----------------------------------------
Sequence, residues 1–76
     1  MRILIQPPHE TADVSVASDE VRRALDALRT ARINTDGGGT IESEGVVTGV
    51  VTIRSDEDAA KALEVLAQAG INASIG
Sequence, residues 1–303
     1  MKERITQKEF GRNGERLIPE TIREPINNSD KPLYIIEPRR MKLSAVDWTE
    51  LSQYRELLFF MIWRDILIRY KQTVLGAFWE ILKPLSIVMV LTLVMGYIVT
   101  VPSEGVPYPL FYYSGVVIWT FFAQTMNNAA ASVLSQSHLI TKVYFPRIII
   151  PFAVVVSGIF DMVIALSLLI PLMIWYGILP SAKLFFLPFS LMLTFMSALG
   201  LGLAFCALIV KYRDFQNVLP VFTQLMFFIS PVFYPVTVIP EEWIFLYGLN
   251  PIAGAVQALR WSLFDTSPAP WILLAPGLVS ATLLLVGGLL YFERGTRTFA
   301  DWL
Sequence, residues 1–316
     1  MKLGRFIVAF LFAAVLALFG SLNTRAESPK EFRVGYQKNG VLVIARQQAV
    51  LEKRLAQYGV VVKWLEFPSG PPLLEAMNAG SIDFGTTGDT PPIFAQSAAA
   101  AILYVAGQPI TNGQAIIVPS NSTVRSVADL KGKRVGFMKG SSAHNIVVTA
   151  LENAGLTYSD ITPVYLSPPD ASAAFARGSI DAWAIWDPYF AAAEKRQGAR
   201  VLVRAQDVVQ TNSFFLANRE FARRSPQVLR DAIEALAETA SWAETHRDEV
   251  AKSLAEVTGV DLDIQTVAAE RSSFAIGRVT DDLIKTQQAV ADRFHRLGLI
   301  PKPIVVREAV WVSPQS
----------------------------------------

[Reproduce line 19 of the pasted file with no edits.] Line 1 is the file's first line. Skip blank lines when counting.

   301  PKPIVVREAV WVSPQS